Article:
Traditional semiconductor CMOS scaling at end of roadmap in 2024 then it is neuromorphic, quantum and other new systems

Traditional semiconductor scaling is expected to reach an end by about 2024, according to a white paper from engineers working on a new version of the semiconductor roadmap. The good news is a wide variety of new kinds of devices, chip stacks and systems innovations promise to continue benefits in computing performance, power and cost.

“Die cost reduction has been enabled so far by concurrent scaling of poly pitch, metal pitch, and cell height scaling. This [will likely] continue until 2024,” according to one of nine white papers published today as part of the International Roadmap for Devices and Systems.

Beyond that date “there is no room for contact placement as well as worsening performance as a result of contacted poly pitch (CPP) scaling. It is projected that physical channel length would saturate around 12nm due to worsening electrostatics while CPP would saturate at 24nm to reserve sufficient CD (~11nm) for the device contact providing acceptable parasitics,” the white paper reported.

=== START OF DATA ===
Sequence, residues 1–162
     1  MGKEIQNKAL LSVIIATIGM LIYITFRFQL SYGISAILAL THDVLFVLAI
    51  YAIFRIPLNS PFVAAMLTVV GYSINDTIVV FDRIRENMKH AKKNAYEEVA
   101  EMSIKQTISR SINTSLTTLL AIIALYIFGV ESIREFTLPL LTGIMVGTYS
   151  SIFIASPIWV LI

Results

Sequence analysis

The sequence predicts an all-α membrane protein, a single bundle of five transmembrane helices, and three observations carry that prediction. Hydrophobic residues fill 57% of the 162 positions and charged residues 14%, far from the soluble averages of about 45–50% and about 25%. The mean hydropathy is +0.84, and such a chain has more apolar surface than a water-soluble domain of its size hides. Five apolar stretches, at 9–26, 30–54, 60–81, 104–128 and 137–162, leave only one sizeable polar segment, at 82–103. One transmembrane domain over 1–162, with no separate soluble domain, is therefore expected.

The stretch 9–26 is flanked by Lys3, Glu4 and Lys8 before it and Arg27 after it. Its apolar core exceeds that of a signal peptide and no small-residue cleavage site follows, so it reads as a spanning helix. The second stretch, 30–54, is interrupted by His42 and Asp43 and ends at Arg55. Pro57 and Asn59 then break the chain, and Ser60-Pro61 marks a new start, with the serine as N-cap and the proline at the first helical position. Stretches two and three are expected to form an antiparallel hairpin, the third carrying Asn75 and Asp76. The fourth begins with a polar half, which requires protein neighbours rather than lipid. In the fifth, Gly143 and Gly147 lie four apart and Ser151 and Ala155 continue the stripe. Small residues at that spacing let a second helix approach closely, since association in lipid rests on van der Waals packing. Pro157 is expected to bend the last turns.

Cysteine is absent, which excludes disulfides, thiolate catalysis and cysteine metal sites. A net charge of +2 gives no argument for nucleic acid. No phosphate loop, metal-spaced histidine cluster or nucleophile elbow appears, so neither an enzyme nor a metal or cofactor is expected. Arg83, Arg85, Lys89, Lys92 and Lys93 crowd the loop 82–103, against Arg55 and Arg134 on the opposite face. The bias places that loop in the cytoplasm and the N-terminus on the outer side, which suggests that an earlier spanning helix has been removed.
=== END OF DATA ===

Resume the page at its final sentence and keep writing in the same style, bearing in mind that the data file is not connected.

A preliminary version of a paper on new system architectures notes “many organizations are proposing remedies [to the end of Moore’s law] based on new device physics. Representative new devices include neuromorphic circuits, quantum qubits, spintronics, and many others. These new devices represent a significant broadening of the search space over the previous focus on CMOS and the microprocessor…[showing a wide] deviation from the current path.”

To enable such new architectures, the roadmap also includes a new section on applications benchmarks. It identifies 11 areas for tracking, spanning a broad range of computing styles.

A new section on system interconnects lays out broad challenges for both wired and wireless links. They include “increased use of germanium and III-V [materials] and possibly integration of these on silicon CMOS platforms” for advanced RF circuits.

The analysis of the future of semiconductors is here.

A preliminary paper that starts to scope out what comes after is here

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